Why Safe Haven?
Safe Haven is an attachment term that Natalie first learned about at Towson University. During her senior year, she took a class called Attachment Across the Lifespan. During that time she became fascinated with the concept of attachment. It began to inform much of the way that she thinks about people and relationships. As Natalie entered graduate school at Vanderbilt, her fascination with attachment continued to grow.
It can be argued that attachment begins while a baby is in the mother’s womb. After a baby is born the attachment relationship continues to form between caregiver and child. Attachment theory posits that children need a secure base from which to explore and a “safe haven” to return to when they become frightened or upset.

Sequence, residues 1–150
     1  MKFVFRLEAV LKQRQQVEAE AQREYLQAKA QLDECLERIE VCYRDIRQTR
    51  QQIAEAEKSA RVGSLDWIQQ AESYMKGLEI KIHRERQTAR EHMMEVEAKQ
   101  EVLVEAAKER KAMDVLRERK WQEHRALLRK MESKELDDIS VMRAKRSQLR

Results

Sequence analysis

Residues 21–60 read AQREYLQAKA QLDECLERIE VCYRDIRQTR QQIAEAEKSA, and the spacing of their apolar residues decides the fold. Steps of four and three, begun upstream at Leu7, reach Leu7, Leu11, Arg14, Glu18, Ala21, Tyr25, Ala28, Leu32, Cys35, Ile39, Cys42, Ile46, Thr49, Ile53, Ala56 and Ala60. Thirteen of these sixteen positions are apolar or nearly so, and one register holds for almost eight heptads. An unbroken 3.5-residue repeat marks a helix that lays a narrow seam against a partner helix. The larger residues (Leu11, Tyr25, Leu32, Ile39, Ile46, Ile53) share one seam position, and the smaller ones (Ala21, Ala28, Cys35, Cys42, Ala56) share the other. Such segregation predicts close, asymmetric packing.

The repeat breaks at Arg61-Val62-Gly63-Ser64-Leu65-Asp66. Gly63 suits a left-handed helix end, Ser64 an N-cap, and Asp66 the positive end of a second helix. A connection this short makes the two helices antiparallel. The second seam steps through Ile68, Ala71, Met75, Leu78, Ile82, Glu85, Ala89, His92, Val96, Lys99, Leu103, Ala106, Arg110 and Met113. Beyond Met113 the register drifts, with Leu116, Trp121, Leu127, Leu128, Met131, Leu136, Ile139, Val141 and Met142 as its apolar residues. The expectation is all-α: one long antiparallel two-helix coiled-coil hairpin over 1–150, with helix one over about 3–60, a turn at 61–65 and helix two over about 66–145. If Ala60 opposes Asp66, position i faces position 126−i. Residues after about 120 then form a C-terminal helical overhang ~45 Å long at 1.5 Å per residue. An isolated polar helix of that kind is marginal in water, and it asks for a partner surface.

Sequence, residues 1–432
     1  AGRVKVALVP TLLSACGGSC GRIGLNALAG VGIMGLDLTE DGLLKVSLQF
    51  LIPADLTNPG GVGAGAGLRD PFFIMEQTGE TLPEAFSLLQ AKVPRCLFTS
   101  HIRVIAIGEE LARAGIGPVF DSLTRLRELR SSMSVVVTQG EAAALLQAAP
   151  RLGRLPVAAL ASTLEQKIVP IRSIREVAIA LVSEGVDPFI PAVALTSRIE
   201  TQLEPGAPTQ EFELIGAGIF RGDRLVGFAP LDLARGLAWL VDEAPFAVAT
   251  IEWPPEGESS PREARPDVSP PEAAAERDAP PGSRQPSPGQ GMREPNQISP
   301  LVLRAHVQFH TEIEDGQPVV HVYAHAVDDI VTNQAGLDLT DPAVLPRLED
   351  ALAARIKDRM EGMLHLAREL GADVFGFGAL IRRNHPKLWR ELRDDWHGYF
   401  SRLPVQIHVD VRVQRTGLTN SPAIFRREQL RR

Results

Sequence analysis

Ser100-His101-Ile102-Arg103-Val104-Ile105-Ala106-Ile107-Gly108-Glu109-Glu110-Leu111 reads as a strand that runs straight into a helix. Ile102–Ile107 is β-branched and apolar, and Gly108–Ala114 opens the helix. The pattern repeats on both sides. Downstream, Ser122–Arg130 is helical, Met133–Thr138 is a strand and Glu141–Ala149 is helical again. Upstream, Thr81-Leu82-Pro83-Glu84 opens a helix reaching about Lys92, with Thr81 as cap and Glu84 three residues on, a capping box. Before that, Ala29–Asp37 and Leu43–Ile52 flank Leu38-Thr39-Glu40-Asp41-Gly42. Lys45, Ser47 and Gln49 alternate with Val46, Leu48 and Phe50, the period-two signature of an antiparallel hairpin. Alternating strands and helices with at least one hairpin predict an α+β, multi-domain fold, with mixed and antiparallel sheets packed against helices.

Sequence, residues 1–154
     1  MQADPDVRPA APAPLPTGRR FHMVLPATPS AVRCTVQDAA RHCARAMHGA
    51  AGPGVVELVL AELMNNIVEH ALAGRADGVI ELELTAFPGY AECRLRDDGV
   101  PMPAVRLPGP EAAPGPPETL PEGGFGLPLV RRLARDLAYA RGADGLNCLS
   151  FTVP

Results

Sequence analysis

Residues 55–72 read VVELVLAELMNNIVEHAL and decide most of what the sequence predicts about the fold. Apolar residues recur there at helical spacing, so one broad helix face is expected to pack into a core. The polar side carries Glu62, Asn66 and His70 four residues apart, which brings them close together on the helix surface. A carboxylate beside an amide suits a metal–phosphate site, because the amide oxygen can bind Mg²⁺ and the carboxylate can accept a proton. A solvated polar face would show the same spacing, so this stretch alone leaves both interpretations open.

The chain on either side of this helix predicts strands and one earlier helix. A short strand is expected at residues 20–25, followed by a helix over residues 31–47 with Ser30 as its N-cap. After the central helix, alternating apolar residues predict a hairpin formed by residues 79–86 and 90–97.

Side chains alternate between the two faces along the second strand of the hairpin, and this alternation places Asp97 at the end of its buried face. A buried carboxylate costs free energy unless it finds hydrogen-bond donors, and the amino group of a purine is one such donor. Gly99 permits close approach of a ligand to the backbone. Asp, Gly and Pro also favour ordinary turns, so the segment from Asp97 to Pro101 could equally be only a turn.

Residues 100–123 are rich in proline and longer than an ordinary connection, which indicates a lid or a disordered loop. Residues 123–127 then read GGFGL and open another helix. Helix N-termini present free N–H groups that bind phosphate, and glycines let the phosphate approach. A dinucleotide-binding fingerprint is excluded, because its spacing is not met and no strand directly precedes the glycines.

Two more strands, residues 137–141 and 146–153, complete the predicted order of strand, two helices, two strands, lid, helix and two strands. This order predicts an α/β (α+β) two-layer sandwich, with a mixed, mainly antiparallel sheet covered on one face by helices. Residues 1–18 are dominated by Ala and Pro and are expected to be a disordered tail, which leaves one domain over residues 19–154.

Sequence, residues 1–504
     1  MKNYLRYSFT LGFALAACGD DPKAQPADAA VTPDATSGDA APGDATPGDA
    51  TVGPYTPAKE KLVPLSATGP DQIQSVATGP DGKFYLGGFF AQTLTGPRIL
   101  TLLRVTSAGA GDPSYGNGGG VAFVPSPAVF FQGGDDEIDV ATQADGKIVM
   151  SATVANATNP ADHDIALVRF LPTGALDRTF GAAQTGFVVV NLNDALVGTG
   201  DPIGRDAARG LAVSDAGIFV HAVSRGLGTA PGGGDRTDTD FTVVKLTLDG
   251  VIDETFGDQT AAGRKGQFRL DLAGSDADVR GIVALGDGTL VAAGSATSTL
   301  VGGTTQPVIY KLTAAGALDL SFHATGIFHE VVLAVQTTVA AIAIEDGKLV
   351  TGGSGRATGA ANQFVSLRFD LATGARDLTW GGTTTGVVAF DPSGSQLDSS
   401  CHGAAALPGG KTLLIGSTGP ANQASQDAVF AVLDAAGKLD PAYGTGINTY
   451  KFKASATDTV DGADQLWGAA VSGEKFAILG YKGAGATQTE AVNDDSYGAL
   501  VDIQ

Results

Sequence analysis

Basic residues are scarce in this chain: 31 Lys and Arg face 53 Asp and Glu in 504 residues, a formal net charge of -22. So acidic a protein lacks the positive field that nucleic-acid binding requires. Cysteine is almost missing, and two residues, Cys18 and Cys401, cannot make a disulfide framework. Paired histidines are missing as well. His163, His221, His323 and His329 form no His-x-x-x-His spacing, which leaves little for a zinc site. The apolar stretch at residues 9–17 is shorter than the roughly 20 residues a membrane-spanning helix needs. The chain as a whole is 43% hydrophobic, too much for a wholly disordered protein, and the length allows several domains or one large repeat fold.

Attachment continues across the lifespan into adulthood. For those who have experienced interpersonal trauma or attachment wounds, they need a safe haven to return to for comfort and support. As trauma-informed providers, we seek to create a safe space where individuals feel seen and heard. At Safe Haven we believe we are all wired for connection. We all desire a sense of love, acceptance, and belonging. Unfortunately, sometimes the people who are supposed to love you and keep you safe, end up being the people who hurt you. This can be intentional or unintentional. This can include parents, caregivers, relatives, teachers, coaches, or some other person in your life. In order to heal, one needs to feel safe. At Safe Haven, we see ourselves as a potential attachment figures to our clients. We seek to provide a secure base from which to explore and try new skills and a safe haven to which you can return for safety and support.